Many people have been intrigued by the notorious Jack The Ripper case ever since it hit the headlines back in . The case of The Ripper is one of the most famous cases of mass murder in British history, not only for the manner in which the victims were killed by the fact that no one really knew who had committed the atrocities. And this is where From Hell comes in.
From Hell is a wonderful film. The Hughes Brothers (Menace to Society and Dead Presidents) fully immerse the viewer in the times and ways of Century ‘merry old England’. But unfortunately for a group of prostitutes, lead by Heather Graham, they are about to find out the reason why they say ‘don’t get in a car with a stranger’. Especially the ones with a brief case full of dissecting equipment.
Johnny Depp (does this guy ever stop making movies?!) is at it again. This time he has to master an English accent. For a guy born in Kentucky he does it very convincingly. With a cast full of respected English actors and actresses, Robbie Coltrane, Susan Lynch et al, Johnny Depp fits in unexpectedly well. Even more, he actually looks the part. If you didn’t know better you be forgiven in thinking that he was English in the first place.
On the other hand actress Heather Graham sticks out like a sore thumb. She is the only ‘beautiful’ prostitute. Her long even, clean hair and her smooth flawless face make her quite the opposite to her fellow ‘unfortunates’ and in fact the rest of the cast. Not to be blamed on her, more of a makeup department neglect. Although her accent isn’t as perfected as Depp’s she still plays the lead role with dignity and grace.
The film’s storyline is basic but effective. Inspector Aberline (Depp) is the inspector in charge of the Ripper case as it becomes dubbed. Peter Godley (played brilliantly by Robbie Coltrane) is there to help the Inspector with the case. Aberline calls on the help of a distinguished surgeon to help him with his quest to find the killer. Whilst all this is happening the group of prostitutes are trying to stay away from the men they owe money and (you could see it coming a mile off) Mary Kelly (Graham) falls for Aberline and a love story elevates between possible victim and cop that is saving her.One of the best aspects to the film is the use of some innovative camera shots and postproduction techniques. Mainly only used in key scenes, mostly when The Ripper attacks, the action is broken up by vivid color washes of red and green silhouetting Jacks actions. The camera, not showing his identity (hence giving the film an actual point), focuses on his hands when he is killing. His white gloves give neutral and an assumed safe backdrop, whilst this is then contrasted by the knife and crimson blood.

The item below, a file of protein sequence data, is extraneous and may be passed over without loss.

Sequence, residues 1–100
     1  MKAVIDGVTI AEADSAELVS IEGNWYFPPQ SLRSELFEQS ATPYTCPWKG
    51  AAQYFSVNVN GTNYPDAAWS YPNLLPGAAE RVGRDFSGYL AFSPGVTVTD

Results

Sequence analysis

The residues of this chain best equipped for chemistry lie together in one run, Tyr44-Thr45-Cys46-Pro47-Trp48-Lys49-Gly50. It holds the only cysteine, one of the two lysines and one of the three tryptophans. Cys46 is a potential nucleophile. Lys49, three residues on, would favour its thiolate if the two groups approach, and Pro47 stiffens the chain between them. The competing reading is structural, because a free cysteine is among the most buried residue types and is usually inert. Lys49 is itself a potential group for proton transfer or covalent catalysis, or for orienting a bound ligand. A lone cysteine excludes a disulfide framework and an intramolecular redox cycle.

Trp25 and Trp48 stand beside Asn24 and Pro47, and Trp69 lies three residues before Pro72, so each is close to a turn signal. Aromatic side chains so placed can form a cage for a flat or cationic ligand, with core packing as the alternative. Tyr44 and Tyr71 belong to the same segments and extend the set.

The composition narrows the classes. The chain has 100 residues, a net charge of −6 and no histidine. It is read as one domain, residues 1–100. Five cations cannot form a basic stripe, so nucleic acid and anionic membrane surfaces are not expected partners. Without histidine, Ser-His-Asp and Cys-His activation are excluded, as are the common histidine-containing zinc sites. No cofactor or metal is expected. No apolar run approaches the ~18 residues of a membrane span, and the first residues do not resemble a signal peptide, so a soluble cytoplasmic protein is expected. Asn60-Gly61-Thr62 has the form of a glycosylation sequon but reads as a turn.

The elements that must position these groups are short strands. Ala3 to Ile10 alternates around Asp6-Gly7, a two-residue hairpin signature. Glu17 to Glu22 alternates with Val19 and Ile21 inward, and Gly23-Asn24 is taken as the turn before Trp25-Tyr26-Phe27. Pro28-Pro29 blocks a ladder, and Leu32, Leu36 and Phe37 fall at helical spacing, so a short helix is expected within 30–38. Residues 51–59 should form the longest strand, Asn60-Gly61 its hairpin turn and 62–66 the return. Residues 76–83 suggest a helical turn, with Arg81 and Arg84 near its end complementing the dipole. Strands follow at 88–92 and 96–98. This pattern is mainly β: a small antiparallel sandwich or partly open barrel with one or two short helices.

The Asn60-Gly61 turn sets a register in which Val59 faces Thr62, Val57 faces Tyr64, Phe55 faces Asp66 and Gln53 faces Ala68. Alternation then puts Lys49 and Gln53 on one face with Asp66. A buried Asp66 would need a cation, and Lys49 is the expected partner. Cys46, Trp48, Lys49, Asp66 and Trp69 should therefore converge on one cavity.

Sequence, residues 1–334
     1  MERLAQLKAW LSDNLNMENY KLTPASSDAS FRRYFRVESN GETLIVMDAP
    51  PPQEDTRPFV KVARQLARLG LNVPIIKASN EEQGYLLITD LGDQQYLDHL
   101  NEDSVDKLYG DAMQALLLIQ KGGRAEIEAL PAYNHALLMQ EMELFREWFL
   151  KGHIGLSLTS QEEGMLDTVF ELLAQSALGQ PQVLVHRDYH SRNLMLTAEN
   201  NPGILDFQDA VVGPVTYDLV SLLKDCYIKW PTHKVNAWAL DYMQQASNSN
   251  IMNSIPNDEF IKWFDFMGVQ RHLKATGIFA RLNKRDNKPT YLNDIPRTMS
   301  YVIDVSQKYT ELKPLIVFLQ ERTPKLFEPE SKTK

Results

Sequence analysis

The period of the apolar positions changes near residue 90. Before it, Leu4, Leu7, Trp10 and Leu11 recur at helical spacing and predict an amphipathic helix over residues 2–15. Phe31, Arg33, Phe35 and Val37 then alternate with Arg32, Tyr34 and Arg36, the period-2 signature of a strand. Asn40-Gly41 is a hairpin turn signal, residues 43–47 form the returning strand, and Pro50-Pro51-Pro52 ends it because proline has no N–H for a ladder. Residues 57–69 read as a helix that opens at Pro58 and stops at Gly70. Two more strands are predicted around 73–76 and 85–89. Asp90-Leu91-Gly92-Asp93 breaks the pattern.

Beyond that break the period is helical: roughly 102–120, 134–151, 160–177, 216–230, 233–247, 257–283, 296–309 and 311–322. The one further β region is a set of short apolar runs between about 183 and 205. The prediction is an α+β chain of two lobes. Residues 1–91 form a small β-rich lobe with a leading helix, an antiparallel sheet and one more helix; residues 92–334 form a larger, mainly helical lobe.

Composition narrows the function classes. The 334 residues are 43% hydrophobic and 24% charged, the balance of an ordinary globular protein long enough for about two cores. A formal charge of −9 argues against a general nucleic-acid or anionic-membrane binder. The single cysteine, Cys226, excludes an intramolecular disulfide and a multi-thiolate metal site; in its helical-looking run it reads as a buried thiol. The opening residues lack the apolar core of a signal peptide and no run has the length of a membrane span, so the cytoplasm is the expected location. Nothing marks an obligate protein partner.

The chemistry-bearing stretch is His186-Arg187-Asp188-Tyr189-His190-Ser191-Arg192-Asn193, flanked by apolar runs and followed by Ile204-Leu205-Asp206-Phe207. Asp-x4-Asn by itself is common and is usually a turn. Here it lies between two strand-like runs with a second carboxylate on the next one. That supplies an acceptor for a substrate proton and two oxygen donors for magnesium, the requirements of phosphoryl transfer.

This is where some people will have downfalls with the movie. This is not your typical serial killer stalk and slash. It is something quite different. Casual moviegoers will tire of the build up story with the group of prostitutes, or as Inspector Aberline refers to them Unfortunates. This is all part of the storyline, the insecurity of the girls; it’s there to show the dark and dank environment of London at the times. Because the film is very classy and sophisticated there is no need for the profuse flowing of blood. Don’t get me wrong, it is there, one part in particular stands out at the end of the film when he takes out the heart of one of the victims; it has to be seen to be believed. The directorial idea was to emphasize the impact that The Ripper had on the London and British society not just the impact that he had on his victims.
The film stays as close to the truth as possible whilst still making it entertaining. The coroner passes out at the sight of the victims with huge wholes in them and missing internal organs. The street names remain true to the time and even the name of the prostitutes are the same as three centuries prior. The only part of the film that is different to the reality is that Jack The Ripper is identified. Whether this could have been a possibility as to the real Rippers identity remains to be seen.
Finally there is a motion picture that does the tale of Jack The Ripper creditable justice. Johnny Depp is flawless (as usual) and looks at home in ’s London. This tale brings a new spin on the old (and sometimes tired) story of England's most notorious serial killer. In a way this is a simple homage to the age of Hammer Horror. The setting is the same and the tone matches that of the old flicks like Jekyll and Hide and Dracula’s. If you are looking for a classy, atmospheric film then check this out.